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New Russian cabinet packed with Putin loyalists

Despite promises of 'substantial renewal,' the new cabinet is filled with faces long seen around the Kremlin who will keep Prime Minister Dmitry Medvedev hemmed in.

Russian President Vladimir Putin (l.) speaks to Russian Prime Minister Dmitry Medvedev during their meeting in Moscow on Monday, May 21, 2012. Putin has announced a new Cabinet filled with faces long seen around the Kremlin.

Alexei Druzhinin/Government Press Service/RIA Novosti/AP

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There's a new government in Moscow, and a new Kremlin administration as well. It may take observers some time to master everyone's new job titles, but the officials are mostly familiar faces and proven loyalists of freshly-inaugurated President Vladimir Putin.

Though Mr. Putin has moved over from his former job as prime minister in the White House, where the Cabinet sits, to the presidential office in the Kremlin, the overwhelming message from his blizzard of official appointments yesterday and today is one of continuity. The leader who has effectively run Russia for the past twelve years with a detail-obsessed, hands-on managerial style plans to keep things that way.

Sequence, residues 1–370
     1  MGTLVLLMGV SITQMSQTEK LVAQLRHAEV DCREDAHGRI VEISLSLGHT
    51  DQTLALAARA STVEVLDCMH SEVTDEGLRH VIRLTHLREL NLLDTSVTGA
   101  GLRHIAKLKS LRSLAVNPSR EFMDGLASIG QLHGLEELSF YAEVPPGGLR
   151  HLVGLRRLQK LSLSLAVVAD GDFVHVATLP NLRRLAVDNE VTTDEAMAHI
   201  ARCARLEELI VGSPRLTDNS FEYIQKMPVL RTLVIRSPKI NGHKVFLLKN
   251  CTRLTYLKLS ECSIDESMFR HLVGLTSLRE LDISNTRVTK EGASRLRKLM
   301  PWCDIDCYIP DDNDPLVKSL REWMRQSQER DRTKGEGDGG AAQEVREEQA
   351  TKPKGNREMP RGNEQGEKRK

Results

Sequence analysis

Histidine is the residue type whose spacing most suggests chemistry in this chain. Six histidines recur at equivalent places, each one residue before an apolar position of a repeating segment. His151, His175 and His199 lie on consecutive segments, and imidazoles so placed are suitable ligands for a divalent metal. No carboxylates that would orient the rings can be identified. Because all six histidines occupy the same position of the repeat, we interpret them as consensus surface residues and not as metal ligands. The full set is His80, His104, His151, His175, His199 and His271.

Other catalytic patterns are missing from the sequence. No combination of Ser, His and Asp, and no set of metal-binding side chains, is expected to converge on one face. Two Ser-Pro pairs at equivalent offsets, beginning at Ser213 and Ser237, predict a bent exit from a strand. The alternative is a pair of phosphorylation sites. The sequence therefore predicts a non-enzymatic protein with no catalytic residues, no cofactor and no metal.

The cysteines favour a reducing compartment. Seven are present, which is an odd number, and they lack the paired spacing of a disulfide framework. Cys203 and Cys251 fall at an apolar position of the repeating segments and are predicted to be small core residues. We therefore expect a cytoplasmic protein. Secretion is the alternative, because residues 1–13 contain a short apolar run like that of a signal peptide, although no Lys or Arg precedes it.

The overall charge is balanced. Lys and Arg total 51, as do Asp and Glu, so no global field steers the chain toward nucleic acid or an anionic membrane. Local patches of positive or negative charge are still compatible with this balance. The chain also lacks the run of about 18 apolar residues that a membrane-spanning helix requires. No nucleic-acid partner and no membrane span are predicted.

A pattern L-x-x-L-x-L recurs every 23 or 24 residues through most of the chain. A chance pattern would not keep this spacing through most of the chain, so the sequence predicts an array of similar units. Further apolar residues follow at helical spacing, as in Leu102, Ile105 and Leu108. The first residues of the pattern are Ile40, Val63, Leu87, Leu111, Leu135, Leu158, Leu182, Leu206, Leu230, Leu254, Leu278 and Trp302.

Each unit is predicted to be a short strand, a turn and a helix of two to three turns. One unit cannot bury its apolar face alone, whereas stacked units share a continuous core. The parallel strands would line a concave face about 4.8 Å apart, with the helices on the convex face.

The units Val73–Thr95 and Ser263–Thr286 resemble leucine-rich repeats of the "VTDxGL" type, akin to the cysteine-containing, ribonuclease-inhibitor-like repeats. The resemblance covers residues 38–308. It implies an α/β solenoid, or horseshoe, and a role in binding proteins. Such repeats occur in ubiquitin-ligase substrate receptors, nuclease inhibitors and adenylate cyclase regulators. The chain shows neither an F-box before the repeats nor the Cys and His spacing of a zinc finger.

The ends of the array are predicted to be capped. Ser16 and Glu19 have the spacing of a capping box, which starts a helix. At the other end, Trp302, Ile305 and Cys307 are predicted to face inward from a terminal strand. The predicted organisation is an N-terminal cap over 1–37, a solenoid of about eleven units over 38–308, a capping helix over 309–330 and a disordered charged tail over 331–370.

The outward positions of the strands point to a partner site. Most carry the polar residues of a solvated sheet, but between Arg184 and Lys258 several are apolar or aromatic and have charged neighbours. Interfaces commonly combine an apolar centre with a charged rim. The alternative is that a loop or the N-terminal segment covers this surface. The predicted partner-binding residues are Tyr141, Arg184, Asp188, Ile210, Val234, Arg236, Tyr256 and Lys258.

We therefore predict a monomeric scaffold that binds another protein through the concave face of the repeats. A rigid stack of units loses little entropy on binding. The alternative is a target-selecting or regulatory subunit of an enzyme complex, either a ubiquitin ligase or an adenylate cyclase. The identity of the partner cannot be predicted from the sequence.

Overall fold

Outgoing president and new prime minister Dmitry Medvedev, whose four-year tenure in the Kremlin was overshadowed by Putin at every step, will find himself equally hemmed in at his new office in the White House, experts say.

"The new government will depend entirely on Putin, its center will be in the Kremlin and all the key people will be there," says Dmitry Oreshkin, head of the Mercator Group, a Moscow political consultancy. "People of Putin's age and circle will determine Russian politics for the next few years, while the younger generation represented by Medvedev will have fewer plenary powers, will not be independent and will have narrow perspectives for their activity."


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